Stories of Potential

Journey to Safety

Jenn
Lynn
August 1, 2014
A mother’s emotional journey to find help for her son with autism leads her to Kennedy Krieger Schools.

JacobThe year my son was in the third grade, I didn’t eat. I never left my phone, even to take a shower. Jake, who has autism, was scared to go to school and totally unhinged once he got there—running in circles, biting his hand, melting down. Desks would fly if one thing went wrong.

The Comeback Kid

by Abigail
Green
November 13, 2013
The Neurobehavioral Unit at Kennedy Krieger helps turn around a young boy with self-injurious and aggressive behavior.

Luke McNair happyChrissy McNair describes her son Luke, 13, as “one of the happiest kids I’ve ever met.” He usually wakes up in a good mood and likes cracking jokes with his two brothers. He loves Top-40 music and animals, and has been riding horses since he was 3 years old. “The best word for him is passionate,” says his mother.

Beating the Pain

by Kristina
Rolfes
November 12, 2013
After multiple doctors could not help relieve her suffering from pain so severe she could no longer walk, Katie Bickford sought help at Kennedy Krieger’s Pediatric Pain Rehabilitation Program and today, she has her life back.

Katie Bickford truckKatie Bickford remembers the pain starting in the 7th grade—it began in her spine and radiated out all over her body. The pain got so bad she couldn’t walk. To make matters worse, she fractured her heel, and then her arm, so it hurt to use crutches.

Stronger

by Kristina
Rolfes
November 12, 2013
After cancer and chemotherapy left her so fragile doctors said she might never walk again, Perry found her strength with the help of Kennedy Krieger’s Specialized Transition Program.

Perry ZimmermanAt the tender age of 13, Perry Zimmerman has already battled a lifetime’s worth of illnesses. Born with retinoblastoma, a type of eye cancer, Perry developed a related brain tumor at age two that doctors did not expect her to survive.

Autographs

November 12, 2013
Special education teacher Katie Cascio is inspired by a student who comes into his own at Kennedy Krieger High School.

DeVant Capers with his teacher, Katie CascioI was lucky enough to meet DeVante—a shy, reserved student with autism spectrum disorder—during my first year as an assistant teacher at

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  • Transition Success Story: Liza Patchel

    August 2, 2013
    A lifetime of care at Kennedy Krieger, along with her mother’s no-pity approach to parenting, helped Liza on her path to earning a master’s degree and living independently.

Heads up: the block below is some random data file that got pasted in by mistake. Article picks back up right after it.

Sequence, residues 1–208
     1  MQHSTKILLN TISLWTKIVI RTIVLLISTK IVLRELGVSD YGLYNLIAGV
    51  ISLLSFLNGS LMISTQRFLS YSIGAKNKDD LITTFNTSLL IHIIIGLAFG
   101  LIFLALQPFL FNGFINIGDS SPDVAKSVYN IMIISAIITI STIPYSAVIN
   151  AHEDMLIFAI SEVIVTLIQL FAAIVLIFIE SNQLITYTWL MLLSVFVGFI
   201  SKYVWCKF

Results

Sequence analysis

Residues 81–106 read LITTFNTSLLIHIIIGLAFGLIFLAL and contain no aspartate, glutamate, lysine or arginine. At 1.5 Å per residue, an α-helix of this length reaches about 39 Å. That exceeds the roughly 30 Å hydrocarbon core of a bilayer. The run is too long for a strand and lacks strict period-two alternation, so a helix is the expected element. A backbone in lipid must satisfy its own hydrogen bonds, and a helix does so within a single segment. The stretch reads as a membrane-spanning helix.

Liza PatchelWhen Liza Patchel was diagnosed with cerebral palsy as an infant, doctors said she would never speak or walk. When she enrolled in public school, administrators said she would never play for their sports teams. Other “experts” told her she would never go to college. Now 31, Liza has spent most of her life proving them wrong.

    Transition Success Story: James Williams III

    by Kristina
    Rolfes
    August 2, 2013
    James is redefining his potential thanks to more than 15 years of services at Kennedy Krieger, and parents who actively sought out vocational, employment, and social opportunities in the community.

    James Williams IIIDoctors once told James Williams’s parents their son should be institutionalized due to his severe intellectual disability and autism. Now 22, James is employed and has an active social life.

    Transition Success Story: Damian Jackson

    by Kristina
    Rolfes
    August 2, 2013
    With support and guidance from Kennedy Krieger School Programs, Damian now has his foot in the door as a rehabilitation technician and medical illustrator at a local hospital.

    Damian JacksonAfter graduation from Kennedy Krieger High School, Damian Jackson went on to complete three 10-week internships at Union Memorial Hospital. In April, Damian, 21, was offered a job at the hospital as a rehabilitation technician for inpatient physical therapy.

    Transition Success Story: Melissa Silverman

    August 2, 2013
    Thanks in part to Kennedy Krieger’s Down syndrome mentoring program and parents who were constant advocates, Melissa went on to become a teacher’s assistant and an active disability advocate.

    Melissa SilvermanWhen Melissa Silverman was younger, her parents worried she wouldn’t have enough social interaction as she grew older, and they wondered what her future would hold. Now 30, Melissa, who has Down syndrome, is actively involved in advocacy and social groups, and has been employed as a teacher’s assistant at a local preschool for nine years.

    Transition Success Story: Benjamin Range

    by Allison
    Eatough
    August 2, 2013
    Early guidance from the Center for Development and Learning helped Benjamin Range on the path to a master’s degree, despite autism.

    Ben Range at his graduation from Duquesne UniversityBenjamin Range, 25, always knew he was good at history and science. He just didn’t know why until he met with the specialists at Kennedy Krieger’s Center for Development and Learning.

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